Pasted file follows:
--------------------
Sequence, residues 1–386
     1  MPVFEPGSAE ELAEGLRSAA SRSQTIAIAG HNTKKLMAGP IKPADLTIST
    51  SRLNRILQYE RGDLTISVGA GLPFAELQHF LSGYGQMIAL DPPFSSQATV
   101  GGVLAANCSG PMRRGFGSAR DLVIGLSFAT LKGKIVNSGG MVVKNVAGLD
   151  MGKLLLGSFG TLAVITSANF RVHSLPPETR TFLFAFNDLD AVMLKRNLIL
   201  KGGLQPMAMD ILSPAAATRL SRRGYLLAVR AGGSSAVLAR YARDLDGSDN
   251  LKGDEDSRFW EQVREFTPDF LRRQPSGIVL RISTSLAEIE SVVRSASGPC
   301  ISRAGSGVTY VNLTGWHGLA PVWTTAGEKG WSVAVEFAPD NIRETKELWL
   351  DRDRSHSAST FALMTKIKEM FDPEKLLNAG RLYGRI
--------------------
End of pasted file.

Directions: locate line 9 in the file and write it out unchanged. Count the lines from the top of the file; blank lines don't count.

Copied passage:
   351  DRDRSHSAST FALMTKIKEM FDPEKLLNAG RLYGRI